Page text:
Save your FREE seat for Streaming Media Connect this August. Register Now!

Peer Review: Wine Library TV

Article Featured Image

During early episodes, the camera appeared to be leveled below the speakers and looking up, where level to slightly looking down is preferred. That appears to have been fixed. The cameraperson maintains good rule-of-thirds positioning throughout (Figure 5), and though zoom-ins to examine bottle labels are a little quick and jerky, motion is smooth on the whole. Overall, I like that the producers resist Mad Money-ish camera motion and put the subjects and the wine in charge of retaining your attention.

Figure 5
Figure 5. Classic rule-of-thirds positioning

Audio: 5/5
Audio quality and levels are good. While no lavaliere or other microphone is visible, the audio sounds like the producer used an external microphone rather than the camcorder’s internal one. As you can see in SoundBooth, levels are good, and a close-in analysis revealed very little noise (Figure 6).

Figure 6
Figure 6. Audio levels are good, and the audio was free of noise, as shown in this Adobe Soundbooth analysis.

Editing: 4/5
Not much to rate here, since it’s a live, uncut show that begins with a simple, attractive animation and closes with the show’s URL. Titles are large and simple for easy compressibility, and otherwise, minimal editing is performed. The show missed a perfect rating because it doesn’t appear that the editor attempted to boost the brightness of the shadowed regions in the video, missing an opportunity to minimize the effects of the overhead lighting.

Preprocessing: 5/5
Deinterlacing doesn’t appear to be a problem, and the display aspect ratio is correct. Nothing to fault here.

Encoding: 2/5
Wine Library made serious gaffes with both FLV and QuickTime encoding. Let’s start with Flash.

Wine Library produces 640x480 VP6 video at 29.97 fps and a video data rate of 611Kbps. This translates to .088 bits per pixel, about average for broadcasters producing at this approximate resolution. So why are there artifacts in the background and mosquitoes around the subjects, problems that are not evident in most other similarly configured videos?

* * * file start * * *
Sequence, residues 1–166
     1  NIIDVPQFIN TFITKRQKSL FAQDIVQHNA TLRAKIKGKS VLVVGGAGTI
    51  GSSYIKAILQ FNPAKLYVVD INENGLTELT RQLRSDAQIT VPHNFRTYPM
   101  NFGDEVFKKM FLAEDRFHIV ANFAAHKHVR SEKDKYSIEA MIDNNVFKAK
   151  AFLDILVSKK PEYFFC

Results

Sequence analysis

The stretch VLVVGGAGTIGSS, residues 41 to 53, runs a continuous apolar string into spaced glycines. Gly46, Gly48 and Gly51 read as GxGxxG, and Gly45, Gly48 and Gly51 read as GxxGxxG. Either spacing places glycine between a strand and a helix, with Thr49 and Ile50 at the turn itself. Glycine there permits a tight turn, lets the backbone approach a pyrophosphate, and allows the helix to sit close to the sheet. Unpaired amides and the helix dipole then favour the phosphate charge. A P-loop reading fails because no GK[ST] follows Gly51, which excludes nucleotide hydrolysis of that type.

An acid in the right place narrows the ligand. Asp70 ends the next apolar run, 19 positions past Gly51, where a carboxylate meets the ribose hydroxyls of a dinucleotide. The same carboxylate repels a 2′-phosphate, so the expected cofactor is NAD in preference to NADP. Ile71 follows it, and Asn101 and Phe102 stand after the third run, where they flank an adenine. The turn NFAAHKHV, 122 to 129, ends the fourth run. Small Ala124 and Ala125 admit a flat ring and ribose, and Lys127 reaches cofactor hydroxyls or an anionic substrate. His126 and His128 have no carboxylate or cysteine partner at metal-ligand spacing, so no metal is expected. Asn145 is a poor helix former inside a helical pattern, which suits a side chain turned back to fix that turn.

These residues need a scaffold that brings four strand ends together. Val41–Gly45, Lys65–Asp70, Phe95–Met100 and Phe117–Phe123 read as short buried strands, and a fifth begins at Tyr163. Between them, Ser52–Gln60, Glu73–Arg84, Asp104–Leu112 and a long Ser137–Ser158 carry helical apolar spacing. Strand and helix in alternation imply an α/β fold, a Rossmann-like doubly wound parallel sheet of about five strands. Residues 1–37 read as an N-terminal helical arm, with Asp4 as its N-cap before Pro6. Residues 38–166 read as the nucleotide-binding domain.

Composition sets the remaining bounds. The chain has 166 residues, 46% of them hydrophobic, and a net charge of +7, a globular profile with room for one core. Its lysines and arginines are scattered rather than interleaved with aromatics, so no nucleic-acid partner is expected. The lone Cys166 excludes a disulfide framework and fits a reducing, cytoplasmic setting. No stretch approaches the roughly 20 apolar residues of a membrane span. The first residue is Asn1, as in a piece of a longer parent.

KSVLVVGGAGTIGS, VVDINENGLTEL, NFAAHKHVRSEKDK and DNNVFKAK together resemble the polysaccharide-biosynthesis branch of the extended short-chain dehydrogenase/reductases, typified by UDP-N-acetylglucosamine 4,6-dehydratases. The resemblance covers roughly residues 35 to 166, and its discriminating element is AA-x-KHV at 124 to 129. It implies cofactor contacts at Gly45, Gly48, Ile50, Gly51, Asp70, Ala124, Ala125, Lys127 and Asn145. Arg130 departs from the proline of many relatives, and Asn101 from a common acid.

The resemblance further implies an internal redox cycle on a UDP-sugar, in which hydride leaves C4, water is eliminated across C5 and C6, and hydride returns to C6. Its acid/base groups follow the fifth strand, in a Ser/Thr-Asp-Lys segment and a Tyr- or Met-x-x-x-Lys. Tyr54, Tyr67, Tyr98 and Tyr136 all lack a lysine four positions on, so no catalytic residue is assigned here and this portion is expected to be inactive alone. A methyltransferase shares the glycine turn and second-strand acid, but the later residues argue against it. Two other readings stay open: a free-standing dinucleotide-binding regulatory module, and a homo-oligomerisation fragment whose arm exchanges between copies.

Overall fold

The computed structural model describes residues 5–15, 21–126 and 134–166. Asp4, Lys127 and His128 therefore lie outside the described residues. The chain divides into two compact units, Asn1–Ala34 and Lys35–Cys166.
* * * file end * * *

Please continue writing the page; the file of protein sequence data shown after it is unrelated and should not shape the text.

The first reason is the background, as discussed previously. Second, as shown in Semaphore in Figure 7, the Wine Library video has a keyframe every second, much more frequent than sites such as ESPN.com, which averages a keyframe every 15 seconds. Since keyframes are the least efficient frame from a compression perspective, unnecessary keyframes degrade quality, which is evident in the Wine Library clips.

Figure 7
Figure 7. A keyframe every second makes it tough to get good quality, even at data rates of 700Kbps for a 640x360 stream.

For the QuickTime stream, Wine Library is encoding 640x360 video at 29.97 fps and a video data rate of about 1.3Mbps, which should be plenty for pristine quality. However, according to MediaInfo (Figure 8), Wine Library is using the MPEG-4 codec, not H.264, which is highly questionable and almost unprecedented. Heck, even YouTube went the H.264 route in its 720p video offering, as did Facebook.

Figure 8
Figure 8. The MPEG-4 codec? I thought that was dead!

I’d hesitate to assign a percentage to the quality differential between the two, but I’ve seen estimates that H.264 delivers the same quality at between 30% and 50% of the bandwidth. This means that by switching to H.264, Wine Library could drop its data rate by 400Kbps—500Kbps with no quality degradation. Given that every current encoding tool now supports H.264, it makes no sense not to use it. I’m struggling to find a culinary equivalent, but this is like bringing a knife to a gun fight. You’re never going to win.

Both streams use stereo audio, which is also wasteful with talking-head videos, even when two speakers are involved. That’s why many prominent news organizations, including CNN and ESPN, produce in mono, with ESPN at 80Kbps and CNN at 96Kbps, both MP3. Wine Library could easily drop its MP3 audio data rate in half and its AAC rate perhaps even further, with no perceptible drop in quality.

Streaming Covers
for qualified subscribers
Subscribe Now Current Issue Past Issues
Related Articles

Gary Vaynerchuk: "Social Media Is Over-Hyped"

Wine expert Gary Vaynerchuk takes a few minutes at the South by Southwest conference to discuss how online businesses can prosper by growing community.